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Mixed-use project, Upper Clapton Road, London by Stephen Davy Peter Smith Architects

[FIRST LOOK] Stephen Davy Peter Smith’s has revealed the first images of this part-new build, part-conversion of an industrial building at Upper Clapton Road, Hackney

The project, which has been recently submitted for planning, features 92 residential units, a 190m² community centre, 325m² of retail space and 1,500m² of commercial re-provision.

The site is currently in commercial use and an existing, unlisted tram depot building will be retained as part of the development.

Materials which will be used include CorTen balustrades, timber balcony balustrades, new glazing at ground floor to the tram shed, grey and black bricks to new buildings and grey powder-coated steel panels.

Sustainable features include green and brown roofs, a biomass boiler and communal heating.

The scheme has a density of 624 habitable rooms per hectare.

The tenure is split 50 per cent affordable, 50 per cent private, and comprises 30 one-bedroom, 35 two-bedroom, nine three-bedroom and 18 four-bedroom apartments.

Readers' comments (3)

  • The skill of working with heritage buildings is to achieve a unity between new build and historic core. There should be no conflict between the two.In this case there is a failure to achieve an interrelationship between the modern apartment block on the left and the refurbished nineteenth-century tram depot building on the right. The new build lacks the necessary imagination and character to stand comparison with the heritage element.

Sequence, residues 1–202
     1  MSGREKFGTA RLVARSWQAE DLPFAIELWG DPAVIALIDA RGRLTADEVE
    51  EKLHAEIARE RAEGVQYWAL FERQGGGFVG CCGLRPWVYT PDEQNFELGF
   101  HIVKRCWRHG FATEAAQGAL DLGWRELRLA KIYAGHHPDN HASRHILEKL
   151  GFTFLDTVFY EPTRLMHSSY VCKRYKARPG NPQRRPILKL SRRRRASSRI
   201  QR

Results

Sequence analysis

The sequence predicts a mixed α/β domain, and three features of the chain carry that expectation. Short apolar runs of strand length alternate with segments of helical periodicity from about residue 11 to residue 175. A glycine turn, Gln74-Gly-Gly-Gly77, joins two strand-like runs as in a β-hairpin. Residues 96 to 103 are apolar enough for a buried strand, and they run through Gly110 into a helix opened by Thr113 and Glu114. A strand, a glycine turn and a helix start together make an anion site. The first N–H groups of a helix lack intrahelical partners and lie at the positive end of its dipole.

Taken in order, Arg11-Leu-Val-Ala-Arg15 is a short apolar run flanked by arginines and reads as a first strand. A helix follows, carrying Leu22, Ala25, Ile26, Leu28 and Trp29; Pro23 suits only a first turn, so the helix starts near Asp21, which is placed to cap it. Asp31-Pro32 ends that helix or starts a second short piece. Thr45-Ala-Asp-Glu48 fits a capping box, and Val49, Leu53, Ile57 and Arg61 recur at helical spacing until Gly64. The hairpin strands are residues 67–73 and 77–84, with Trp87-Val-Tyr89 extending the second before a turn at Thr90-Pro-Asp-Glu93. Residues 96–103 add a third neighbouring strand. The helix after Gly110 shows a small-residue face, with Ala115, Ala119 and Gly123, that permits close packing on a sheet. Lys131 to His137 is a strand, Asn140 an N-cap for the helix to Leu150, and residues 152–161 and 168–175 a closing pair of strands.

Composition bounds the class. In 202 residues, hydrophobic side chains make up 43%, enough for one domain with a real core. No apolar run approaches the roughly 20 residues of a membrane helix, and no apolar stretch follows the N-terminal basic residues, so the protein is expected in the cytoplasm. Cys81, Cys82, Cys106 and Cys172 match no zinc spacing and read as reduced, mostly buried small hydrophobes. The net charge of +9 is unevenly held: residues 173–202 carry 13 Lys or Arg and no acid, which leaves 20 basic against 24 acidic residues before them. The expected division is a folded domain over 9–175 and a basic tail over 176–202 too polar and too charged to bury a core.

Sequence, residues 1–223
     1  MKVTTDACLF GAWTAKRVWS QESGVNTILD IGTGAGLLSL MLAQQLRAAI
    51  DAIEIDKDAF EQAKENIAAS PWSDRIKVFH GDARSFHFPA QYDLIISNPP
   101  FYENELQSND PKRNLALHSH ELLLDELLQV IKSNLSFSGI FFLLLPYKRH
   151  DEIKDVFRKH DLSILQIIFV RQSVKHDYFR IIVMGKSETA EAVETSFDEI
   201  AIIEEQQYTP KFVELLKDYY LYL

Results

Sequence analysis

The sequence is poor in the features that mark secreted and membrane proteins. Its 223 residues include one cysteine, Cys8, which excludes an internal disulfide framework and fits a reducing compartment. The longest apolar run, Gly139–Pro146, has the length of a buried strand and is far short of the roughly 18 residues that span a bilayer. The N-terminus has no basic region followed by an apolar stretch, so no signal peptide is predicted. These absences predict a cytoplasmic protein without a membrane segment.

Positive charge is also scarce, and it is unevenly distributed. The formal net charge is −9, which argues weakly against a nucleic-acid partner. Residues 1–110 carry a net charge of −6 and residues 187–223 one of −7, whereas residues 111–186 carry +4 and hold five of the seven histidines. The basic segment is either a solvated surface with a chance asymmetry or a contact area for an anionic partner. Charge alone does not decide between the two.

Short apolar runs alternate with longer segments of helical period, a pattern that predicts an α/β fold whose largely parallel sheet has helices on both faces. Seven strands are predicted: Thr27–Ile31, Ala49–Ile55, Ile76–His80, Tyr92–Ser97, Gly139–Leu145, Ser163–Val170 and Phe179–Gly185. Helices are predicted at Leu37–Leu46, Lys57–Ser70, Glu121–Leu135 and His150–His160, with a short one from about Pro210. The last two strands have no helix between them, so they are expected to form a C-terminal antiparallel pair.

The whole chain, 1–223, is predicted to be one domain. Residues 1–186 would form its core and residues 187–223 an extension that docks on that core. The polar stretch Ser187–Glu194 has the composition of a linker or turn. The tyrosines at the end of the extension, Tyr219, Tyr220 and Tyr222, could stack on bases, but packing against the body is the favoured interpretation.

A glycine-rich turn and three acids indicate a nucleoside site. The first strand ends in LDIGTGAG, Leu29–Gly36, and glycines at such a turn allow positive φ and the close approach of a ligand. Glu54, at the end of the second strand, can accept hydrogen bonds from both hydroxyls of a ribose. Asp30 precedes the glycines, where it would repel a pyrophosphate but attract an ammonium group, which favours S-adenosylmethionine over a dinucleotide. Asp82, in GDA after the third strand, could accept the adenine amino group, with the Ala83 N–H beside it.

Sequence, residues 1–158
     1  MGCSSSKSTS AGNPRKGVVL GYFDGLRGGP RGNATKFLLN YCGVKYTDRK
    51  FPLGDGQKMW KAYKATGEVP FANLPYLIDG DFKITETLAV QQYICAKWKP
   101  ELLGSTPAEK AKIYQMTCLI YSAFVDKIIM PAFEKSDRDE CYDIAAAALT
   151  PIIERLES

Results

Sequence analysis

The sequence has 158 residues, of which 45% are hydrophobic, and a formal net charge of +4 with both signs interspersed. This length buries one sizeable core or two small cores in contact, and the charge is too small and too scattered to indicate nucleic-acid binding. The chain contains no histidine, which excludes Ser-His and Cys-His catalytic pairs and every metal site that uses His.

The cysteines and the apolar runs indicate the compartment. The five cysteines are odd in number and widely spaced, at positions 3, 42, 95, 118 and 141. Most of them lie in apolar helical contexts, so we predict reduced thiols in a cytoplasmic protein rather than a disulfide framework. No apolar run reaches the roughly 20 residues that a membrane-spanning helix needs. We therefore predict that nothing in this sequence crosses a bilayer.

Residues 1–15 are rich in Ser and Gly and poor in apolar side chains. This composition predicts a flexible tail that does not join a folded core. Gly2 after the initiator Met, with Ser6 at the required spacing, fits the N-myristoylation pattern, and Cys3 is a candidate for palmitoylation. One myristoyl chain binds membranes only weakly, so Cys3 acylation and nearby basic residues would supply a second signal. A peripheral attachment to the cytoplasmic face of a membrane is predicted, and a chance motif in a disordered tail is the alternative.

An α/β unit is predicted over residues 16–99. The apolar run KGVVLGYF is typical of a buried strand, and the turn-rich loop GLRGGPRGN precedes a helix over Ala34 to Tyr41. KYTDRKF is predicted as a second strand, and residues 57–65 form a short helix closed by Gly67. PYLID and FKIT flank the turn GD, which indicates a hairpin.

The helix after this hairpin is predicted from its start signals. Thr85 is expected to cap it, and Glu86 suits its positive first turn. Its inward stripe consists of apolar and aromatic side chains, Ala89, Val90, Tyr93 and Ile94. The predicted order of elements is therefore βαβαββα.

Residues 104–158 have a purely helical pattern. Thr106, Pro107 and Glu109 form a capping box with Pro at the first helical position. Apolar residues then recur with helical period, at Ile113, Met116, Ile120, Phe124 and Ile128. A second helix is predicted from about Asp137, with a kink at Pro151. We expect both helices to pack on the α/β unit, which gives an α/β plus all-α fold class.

Unsuitable or offensive?

  • The key criterion for any conversion of an historic building is whether it is respectful of the historic nature and character of the building to be converted. In this case, the answer would appear to be no.

    Unsuitable or offensive?

  • The proposed development does not have the necessary distinctiveness and sense of place to mark it out from the vast majority of new build in London.

    Unsuitable or offensive?

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